The decentralized finance (DeFi) industry grew by 865% between 2020 and 2022, hitting $254.99 Billion in December of 2021 by total value locked (TVL). Despite the high-yield opportunities creating solutions that give users access to multi-chain capabilities and interoperable blockchains transactions, DeFi is still struggling to capture even 1% of the traditional financial market share. This post will discuss some of the significant challenges hindering DeFi adoption in 2022 and possible ways to navigate the adoption maze.
What is Decentralized Finance—DeFi
DeFi describes a set of decentralized applications or protocols built on top of blockchain technology. These protocols facilitate trustless, open, and pseudonymous peer-to-peer financial transactions. DeFi’s major goal is to offer permissionless borrowing, lending and access to yield optimizing solutions through decentralized applications.
DeFi adoption has continued to increase significantly with the increasing blockchain-based financial products and services. Since it’s an expanding industry, significant improvements and iterations are continuously made on existing solutions to further increase the overall usability of protocols and improve user experience. However, there are still many challenges facing the DeFi space, which we will discuss below.
Ethereum’s first-mover advantage has positioned itself as the home of major DeFi protocols. According to data analytics site defiprime, 214 of the 237 DeFi projects listed are built on Ethereum. The implication is that with so many DeFi activities on a single network, there is a corresponding rise in transaction fees due to network congestion as Ethereum currently cannot scale. This high traffic on the Ethereum network and the scaling limitations frequently leads to spiking gas charges, with users averaging $300 per transaction fee to carry out retail activities on it. If DeFi rivals traditional financial services like Visa, the transaction cost must be lowered to a bearable level.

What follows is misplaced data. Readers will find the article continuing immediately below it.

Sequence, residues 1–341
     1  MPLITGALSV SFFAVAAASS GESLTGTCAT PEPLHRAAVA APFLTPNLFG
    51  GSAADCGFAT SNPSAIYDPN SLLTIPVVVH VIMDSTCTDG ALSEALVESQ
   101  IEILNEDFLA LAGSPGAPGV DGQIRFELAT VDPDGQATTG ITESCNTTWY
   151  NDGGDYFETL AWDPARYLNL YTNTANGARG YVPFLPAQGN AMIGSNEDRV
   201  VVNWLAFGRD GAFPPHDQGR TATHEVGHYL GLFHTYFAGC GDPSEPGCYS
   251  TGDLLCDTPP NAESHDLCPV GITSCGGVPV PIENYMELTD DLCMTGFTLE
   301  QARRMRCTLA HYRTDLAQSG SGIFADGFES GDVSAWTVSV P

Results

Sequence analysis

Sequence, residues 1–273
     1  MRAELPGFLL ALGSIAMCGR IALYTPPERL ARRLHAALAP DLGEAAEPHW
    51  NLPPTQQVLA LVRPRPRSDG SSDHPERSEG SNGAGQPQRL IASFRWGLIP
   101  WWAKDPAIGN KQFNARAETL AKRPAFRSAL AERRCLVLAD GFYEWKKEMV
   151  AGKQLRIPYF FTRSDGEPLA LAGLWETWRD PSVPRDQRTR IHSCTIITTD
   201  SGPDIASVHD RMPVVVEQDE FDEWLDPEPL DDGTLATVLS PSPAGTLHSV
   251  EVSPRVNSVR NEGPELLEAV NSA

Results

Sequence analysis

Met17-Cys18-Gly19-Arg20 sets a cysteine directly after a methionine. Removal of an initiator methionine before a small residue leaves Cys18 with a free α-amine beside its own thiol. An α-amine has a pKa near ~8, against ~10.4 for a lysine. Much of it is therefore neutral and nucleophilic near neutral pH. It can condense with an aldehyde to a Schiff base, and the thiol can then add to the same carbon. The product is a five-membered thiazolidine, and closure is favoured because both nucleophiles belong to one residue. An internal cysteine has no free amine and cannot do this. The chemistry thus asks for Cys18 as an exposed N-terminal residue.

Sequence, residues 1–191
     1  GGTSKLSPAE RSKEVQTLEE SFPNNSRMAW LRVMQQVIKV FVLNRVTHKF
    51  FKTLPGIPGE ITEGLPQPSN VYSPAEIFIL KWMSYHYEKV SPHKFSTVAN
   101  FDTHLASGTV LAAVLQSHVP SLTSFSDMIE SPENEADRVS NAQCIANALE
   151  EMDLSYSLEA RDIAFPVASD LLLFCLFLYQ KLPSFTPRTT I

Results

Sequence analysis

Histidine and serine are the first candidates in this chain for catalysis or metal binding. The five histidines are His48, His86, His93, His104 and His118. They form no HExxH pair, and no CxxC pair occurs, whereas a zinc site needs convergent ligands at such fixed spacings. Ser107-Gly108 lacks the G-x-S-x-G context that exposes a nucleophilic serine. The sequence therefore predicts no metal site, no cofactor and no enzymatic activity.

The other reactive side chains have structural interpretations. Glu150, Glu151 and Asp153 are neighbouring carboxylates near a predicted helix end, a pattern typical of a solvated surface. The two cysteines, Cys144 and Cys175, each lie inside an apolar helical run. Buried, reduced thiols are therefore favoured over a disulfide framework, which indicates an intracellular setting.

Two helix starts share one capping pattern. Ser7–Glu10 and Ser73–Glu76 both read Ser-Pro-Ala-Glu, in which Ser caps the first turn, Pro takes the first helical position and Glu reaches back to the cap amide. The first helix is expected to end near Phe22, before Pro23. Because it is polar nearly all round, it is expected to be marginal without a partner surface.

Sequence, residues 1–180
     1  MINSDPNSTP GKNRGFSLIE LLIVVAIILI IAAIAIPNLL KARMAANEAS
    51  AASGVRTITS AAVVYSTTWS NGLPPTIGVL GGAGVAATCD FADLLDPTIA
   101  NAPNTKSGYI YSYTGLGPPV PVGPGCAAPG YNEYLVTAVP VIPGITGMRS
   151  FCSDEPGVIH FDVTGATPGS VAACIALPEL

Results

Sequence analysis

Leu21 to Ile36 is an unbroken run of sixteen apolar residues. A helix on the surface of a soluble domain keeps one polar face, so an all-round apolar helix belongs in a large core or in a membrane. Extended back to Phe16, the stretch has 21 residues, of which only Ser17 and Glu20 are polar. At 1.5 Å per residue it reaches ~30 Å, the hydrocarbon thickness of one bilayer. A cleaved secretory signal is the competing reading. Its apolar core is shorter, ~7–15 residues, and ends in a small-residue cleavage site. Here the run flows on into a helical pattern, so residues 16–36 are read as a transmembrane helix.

Alternative blockchains like Solana, Avalanche, etc., capitalize on Ethereum’s weakness to offer faster and cheaper solutions. Equally, EVM compatible Layer 2 solutions like Polygon, Optimism and Arbitrium are being developed to help solve the transaction fee problem. However, the DeFi ecosystem is yet to come to a place of dynamism. Hence, there is a need for a solution that enables users to access assets in one spot via multiple chains eliminating high costs and this is where Frontier comes in.